No doubt, the different views of sovereignty and land ownership were the crucible from which war between Māori and Pākehā eventually poured with savage heat. Waikato Māori were reasonably happy to sell land for small-scale or individual settlement, while the Colonialists saw the Treaty of Waitangi as providing the means by which large tracts of land could be bought by the Government, carved up and then on-sold to settlers. And the New Zealand Constitution Act of 1852 could only have exacerbated the situation, particularly as it was designed to allow only the then minority of Pākehā the vote, an intolerable situation for Māori.
The descriptions of the subsequent battles, including bush warfare, are extensively detailed, inclusive of lists of iwi and hapū involved in each, along with complete information on the colonial regiments and militias. This creates an opportunity, particularly for Māori today, to understand the connections their ancestors may have had with particular battles and incidents.
One thing we kids in Ohakune did come away with from schooldays was an understanding that Māori had fought with huge skill, courage and, in many cases, Christian chivalry. Using contemporary material, eyewitness accounts and records, O’Malley provides us with a clear view of what lies behind this understanding. And he pulls no punches, with much of the honour belonging to Māori and much of the treachery and dishonour belonging to the Pākehā side.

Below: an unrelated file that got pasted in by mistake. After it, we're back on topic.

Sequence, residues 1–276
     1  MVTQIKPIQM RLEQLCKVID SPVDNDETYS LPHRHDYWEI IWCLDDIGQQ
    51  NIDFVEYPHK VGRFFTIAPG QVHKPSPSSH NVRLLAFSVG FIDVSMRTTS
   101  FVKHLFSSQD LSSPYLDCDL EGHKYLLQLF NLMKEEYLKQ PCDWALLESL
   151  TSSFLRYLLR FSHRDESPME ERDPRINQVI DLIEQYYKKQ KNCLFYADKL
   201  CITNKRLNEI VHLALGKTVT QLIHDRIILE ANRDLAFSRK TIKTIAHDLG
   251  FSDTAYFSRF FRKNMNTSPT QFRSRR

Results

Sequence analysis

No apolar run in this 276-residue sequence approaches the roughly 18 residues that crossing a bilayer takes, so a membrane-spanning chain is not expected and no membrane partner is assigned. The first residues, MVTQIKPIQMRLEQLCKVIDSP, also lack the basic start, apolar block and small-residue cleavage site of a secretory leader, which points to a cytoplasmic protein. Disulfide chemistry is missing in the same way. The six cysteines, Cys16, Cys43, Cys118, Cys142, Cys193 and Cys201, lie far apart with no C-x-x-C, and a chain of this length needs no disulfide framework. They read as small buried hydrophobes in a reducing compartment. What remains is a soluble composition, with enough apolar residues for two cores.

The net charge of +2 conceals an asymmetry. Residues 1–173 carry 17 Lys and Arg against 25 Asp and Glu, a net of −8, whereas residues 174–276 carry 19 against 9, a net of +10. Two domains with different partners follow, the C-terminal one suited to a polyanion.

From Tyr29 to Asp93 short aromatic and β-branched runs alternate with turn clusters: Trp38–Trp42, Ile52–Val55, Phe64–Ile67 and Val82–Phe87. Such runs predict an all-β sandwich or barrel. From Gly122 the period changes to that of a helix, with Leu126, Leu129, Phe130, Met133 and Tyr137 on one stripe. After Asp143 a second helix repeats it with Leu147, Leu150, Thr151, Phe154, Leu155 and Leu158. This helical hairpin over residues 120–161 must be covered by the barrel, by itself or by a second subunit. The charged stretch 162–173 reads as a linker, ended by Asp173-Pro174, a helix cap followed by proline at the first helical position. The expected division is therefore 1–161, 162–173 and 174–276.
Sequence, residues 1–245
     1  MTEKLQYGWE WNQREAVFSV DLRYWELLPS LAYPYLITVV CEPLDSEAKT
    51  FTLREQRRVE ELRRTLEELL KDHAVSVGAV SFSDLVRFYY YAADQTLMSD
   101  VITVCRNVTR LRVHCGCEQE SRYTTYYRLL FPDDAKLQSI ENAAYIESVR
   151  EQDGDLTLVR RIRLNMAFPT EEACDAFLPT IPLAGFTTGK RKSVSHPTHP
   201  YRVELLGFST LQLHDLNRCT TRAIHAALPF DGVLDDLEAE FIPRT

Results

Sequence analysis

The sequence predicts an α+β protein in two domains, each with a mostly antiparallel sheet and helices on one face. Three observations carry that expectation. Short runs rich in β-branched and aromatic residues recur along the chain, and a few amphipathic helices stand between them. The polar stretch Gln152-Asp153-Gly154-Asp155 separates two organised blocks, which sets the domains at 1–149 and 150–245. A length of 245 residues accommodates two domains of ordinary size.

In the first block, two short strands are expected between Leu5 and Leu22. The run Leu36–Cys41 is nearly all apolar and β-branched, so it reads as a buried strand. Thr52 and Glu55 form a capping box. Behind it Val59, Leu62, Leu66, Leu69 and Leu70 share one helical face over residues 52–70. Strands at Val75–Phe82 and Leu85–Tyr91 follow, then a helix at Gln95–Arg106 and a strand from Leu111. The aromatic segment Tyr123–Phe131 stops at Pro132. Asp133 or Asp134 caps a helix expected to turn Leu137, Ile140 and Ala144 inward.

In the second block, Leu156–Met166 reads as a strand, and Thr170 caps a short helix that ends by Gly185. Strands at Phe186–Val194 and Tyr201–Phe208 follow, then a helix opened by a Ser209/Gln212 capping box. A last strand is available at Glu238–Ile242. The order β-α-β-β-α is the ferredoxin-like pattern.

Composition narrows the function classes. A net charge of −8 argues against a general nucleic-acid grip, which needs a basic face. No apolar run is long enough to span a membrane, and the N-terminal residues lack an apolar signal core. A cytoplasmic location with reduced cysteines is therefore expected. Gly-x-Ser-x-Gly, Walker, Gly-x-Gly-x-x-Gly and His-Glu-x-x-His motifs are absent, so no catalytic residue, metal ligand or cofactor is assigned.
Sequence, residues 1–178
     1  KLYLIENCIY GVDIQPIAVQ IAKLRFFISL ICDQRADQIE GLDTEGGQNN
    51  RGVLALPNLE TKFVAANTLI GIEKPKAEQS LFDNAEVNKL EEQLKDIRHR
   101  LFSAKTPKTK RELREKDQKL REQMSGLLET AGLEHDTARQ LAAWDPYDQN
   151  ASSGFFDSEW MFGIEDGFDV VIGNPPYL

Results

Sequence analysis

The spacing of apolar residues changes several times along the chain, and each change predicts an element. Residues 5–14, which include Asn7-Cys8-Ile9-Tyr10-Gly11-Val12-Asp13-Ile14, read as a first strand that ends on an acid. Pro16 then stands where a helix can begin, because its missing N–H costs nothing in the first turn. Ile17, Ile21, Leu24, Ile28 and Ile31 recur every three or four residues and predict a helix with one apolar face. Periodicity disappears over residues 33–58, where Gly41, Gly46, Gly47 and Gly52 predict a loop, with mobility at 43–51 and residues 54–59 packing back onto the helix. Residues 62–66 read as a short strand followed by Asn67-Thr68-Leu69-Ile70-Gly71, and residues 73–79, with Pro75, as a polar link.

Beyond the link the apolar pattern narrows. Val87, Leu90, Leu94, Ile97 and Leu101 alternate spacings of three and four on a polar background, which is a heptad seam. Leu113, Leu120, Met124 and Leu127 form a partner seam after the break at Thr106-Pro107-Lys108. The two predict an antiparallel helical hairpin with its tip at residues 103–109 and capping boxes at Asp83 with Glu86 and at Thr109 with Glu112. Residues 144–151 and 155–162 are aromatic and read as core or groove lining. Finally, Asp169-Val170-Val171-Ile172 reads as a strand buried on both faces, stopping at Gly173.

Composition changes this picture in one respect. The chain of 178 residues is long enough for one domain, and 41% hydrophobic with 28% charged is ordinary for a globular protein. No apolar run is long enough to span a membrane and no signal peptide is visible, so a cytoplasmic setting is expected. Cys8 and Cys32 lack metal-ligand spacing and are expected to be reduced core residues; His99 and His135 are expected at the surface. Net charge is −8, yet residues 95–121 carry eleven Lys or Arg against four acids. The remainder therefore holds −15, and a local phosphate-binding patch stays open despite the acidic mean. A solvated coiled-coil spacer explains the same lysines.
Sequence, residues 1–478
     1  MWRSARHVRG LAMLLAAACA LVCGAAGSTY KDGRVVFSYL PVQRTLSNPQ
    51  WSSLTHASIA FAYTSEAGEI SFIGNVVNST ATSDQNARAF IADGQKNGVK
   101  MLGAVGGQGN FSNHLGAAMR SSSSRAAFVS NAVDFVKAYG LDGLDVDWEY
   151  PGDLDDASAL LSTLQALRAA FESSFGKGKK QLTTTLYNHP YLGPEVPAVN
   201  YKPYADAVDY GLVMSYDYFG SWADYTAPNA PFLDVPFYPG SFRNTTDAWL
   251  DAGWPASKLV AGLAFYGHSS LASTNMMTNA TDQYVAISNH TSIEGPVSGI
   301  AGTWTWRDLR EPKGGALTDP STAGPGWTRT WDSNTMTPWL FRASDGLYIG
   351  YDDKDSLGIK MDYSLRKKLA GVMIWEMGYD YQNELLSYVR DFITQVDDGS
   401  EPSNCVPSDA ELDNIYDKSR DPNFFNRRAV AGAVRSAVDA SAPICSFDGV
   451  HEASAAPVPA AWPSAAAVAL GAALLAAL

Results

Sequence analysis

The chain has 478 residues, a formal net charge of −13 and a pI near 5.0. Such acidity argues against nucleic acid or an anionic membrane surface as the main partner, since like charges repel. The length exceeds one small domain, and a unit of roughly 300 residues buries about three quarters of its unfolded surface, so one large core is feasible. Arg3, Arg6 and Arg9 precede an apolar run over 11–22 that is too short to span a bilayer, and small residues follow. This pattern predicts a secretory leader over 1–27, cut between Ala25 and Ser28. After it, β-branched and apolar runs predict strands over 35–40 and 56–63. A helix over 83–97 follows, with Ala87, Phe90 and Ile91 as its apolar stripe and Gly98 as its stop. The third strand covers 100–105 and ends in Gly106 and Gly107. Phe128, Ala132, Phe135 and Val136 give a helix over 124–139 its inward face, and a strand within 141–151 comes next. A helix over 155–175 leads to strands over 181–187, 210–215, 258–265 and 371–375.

The battles are meticulously described and this 600+ page book, extremely well published by Bridget Williams Books, contains superb reproduction of photographs, maps and documents.
After the battles comes the land confiscation (raupatu) which is probably what motivated the Government to invade Waikato in the first place. This is a really messy period of venality and double-dealing, which of course has a considerable impact on the late-20th Century and 21st Century New Zealand politics and economics. Some may say that Māori have been compensated, with the millions of dollars spent on settlements with iwi plus settlement back to Māori of land and public buildings, fishing rights and similar. That this isn’t a widespread view among Māori is backed up by the 2015 petition to parliament calling for a national memorial day for the victims of the New Zealand Wars, delivered by Honey Berryman of Otorohanga College.
Because I spent all of the ’70s and early ’80s away from New Zealand, my knowledge of the various mid 19th-century conflicts was from a 1950s-60s perspective – not very enlightening. Michael King’s History of New Zealand and James Belich’s The New Zealand Wars and the Victorian Interpretation of Racial Conflict were very important in improving my understanding of what really are the foundations of New Zealand. The Great War for New Zealand extends that understanding greatly.
Obviously the book is a tome which could be used as a text at university level. But it should also be available in some form or another at secondary school. Bridget Williams Books are good at publishing short texts. It would be very helpful if they were to come up with a means to make this important history more accessible.
For this book not to be in the shortlist for the Royal Society of New Zealand Award for General Non-Fiction at the 2017 Ockham New Zealand Book Awards is a mystery.
Reviewed by Lincoln Gould
The Great War for New Zealand Waikato 1800-2000
by Vincent O’Malley
Published by Bridget Williams Books